Also, a few photographs taken by the war artist René Bull, shortly after the incident. The soldiers in the distance in the second photograph are gathered around the grave shown in my last post. The last image shows rocks placed on the line to cause the derailment.
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Superb photos, Neville!
I note the Mk IV .303 case in your close up from 1978. Souvenir hunters have chipped out many of the cartridges in the monument since 1978.
Some of the Dublins in the carriage have reversed their helmets to allow easy sighting of their Lee Metford Mk I*s .
The past is not dead. In fact, it's not even past.
I'm not surprised Rob, Souvenir hunters had already made away with "15th 99" by 1978. Below is a drawing by Mr René Bull (again!) sowing the grave as it appeared in November 1899.
Indeed, pieces of the armoured train became sort after souvenirs immediately after the disaster.
These wounded officers, homeward bound on board the Hospital Ship Maine, were photographed which such a fragment, already neatly engraved: "PART OF ARMOURED TRAIN No 53 STRUCK BY 9LB SHELL AT CHIEVELEY NOV 15TH 1899 BOER WAR".
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I always imagined the rocks to be larger; but they could not be too large, otherwise the train drive, Charles Wagner, would have seen them sooner and had time to slow down.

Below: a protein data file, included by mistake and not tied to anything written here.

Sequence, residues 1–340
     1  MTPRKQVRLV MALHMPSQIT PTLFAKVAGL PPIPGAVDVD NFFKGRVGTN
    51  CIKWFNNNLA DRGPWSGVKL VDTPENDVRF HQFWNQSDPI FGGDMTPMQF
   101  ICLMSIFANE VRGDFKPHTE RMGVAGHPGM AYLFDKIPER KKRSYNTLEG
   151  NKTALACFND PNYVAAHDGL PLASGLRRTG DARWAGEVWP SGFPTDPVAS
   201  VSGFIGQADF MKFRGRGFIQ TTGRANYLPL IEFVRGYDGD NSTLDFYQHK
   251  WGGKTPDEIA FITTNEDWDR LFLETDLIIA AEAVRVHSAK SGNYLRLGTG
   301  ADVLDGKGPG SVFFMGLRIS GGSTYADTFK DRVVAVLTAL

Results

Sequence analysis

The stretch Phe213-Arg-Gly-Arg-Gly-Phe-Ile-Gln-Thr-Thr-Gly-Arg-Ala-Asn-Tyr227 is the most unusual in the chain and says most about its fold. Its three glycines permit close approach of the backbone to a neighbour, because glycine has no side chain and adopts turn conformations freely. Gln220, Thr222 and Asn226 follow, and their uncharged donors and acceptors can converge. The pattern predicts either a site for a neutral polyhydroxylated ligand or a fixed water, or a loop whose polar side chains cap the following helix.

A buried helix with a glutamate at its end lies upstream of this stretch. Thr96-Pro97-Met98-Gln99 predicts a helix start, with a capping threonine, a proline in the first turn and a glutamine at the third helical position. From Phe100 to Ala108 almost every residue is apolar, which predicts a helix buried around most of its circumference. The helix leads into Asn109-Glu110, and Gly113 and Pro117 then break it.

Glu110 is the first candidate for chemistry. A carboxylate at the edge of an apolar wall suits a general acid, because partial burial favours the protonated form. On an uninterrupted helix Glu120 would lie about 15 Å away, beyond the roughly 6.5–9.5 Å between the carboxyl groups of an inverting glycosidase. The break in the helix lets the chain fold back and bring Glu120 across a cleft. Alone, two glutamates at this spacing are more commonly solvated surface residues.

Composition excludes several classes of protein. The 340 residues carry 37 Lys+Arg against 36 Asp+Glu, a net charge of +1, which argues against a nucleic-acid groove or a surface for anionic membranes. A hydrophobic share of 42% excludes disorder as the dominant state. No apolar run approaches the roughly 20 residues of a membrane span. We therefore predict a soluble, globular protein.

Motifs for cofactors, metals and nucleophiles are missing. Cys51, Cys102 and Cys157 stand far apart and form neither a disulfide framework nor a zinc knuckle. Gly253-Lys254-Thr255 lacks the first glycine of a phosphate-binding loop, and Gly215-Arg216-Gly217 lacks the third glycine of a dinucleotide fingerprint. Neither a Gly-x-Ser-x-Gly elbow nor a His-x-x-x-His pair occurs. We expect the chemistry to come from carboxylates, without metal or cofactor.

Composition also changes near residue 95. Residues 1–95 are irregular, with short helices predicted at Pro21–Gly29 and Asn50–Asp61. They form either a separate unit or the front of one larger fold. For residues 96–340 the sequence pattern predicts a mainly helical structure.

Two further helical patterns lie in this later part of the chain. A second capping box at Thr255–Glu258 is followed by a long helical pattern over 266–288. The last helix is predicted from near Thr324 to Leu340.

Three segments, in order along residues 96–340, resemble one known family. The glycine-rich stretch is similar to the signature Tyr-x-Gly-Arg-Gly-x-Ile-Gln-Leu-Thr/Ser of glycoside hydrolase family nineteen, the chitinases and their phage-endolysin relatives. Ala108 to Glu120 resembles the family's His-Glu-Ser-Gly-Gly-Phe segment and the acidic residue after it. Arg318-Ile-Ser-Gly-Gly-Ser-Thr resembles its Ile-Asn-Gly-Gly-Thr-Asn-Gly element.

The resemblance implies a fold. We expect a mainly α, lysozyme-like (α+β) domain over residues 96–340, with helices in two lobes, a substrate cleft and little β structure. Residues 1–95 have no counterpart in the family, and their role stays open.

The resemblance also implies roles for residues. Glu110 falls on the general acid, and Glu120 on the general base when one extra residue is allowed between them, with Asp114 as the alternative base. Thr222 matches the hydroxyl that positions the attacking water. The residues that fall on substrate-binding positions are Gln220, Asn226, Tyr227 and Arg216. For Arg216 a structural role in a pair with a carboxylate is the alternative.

Such high quality images! Great stuff. Rene' Bull was all over the place. And a good sketch artist as well. When Churchill returned he was photographed at the site.
Churchill by train. Image Source: Originally published in Daily News, Durban reproduced in Churchills in Africa by Roberts, Brian, 1970 published by Hamish Hamilton, London
Churchill on Pony at train: Image source: With the Flag to Pretoria, H. W. Wilson Vol 1 1900 and britishbattles.com
“Before the disaster, November 15th.  Men of the Dublin Fusiliers embarking on the armoured train. In the [train] truck on the left is Rene’ Bull, snap-shooting. [The man standing with a hat on and looking down into what is presumably his camera." Black & White Weekly Vol 1-2 1899-1900
Sketch of the train after its return to Estcourt: Black & White Weekly Vol 1-2 1899-1900 (From a sketch by Rene’ Bull) “The armoured train disaster at Chieveley, November 15th, where Mr. Winston Churchill was captured.”